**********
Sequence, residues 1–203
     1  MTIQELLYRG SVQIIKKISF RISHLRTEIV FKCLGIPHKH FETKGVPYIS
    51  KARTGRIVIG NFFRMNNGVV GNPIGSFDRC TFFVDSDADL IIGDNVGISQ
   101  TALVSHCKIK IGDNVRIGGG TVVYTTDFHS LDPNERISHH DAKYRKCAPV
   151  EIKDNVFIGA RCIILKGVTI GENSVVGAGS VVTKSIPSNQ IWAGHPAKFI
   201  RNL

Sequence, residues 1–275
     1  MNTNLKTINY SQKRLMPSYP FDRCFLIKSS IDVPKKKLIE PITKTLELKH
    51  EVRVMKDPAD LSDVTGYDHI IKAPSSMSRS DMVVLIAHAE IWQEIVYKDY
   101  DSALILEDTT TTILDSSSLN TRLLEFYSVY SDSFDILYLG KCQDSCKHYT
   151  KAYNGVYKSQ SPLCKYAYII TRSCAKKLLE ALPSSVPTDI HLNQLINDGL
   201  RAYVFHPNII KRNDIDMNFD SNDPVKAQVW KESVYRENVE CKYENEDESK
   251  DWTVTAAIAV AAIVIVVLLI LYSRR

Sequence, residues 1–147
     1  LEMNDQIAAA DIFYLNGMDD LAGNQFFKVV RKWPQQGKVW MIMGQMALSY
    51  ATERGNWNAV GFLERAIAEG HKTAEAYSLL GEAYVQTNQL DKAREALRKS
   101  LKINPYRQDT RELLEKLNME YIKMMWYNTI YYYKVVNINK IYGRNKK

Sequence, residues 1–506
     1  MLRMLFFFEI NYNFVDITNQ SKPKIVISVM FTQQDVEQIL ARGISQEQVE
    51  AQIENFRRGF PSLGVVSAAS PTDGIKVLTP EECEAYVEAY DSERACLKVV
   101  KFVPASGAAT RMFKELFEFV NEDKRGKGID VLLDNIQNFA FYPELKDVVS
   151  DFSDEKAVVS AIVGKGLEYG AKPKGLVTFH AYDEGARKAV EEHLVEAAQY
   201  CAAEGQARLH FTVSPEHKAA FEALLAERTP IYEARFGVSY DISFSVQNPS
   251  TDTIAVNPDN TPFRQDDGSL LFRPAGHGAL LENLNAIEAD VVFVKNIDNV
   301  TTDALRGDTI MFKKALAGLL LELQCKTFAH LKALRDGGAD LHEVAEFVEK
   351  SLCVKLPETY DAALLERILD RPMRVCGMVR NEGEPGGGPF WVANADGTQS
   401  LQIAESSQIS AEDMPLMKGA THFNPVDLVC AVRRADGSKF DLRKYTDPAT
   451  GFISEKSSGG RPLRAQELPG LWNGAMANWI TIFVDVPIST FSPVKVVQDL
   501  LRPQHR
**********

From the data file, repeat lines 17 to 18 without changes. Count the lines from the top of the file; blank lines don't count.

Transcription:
   101  LKINPYRQDT RELLEKLNME YIKMMWYNTI YYYKVVNINK IYGRNKK

Sequence, residues 1–506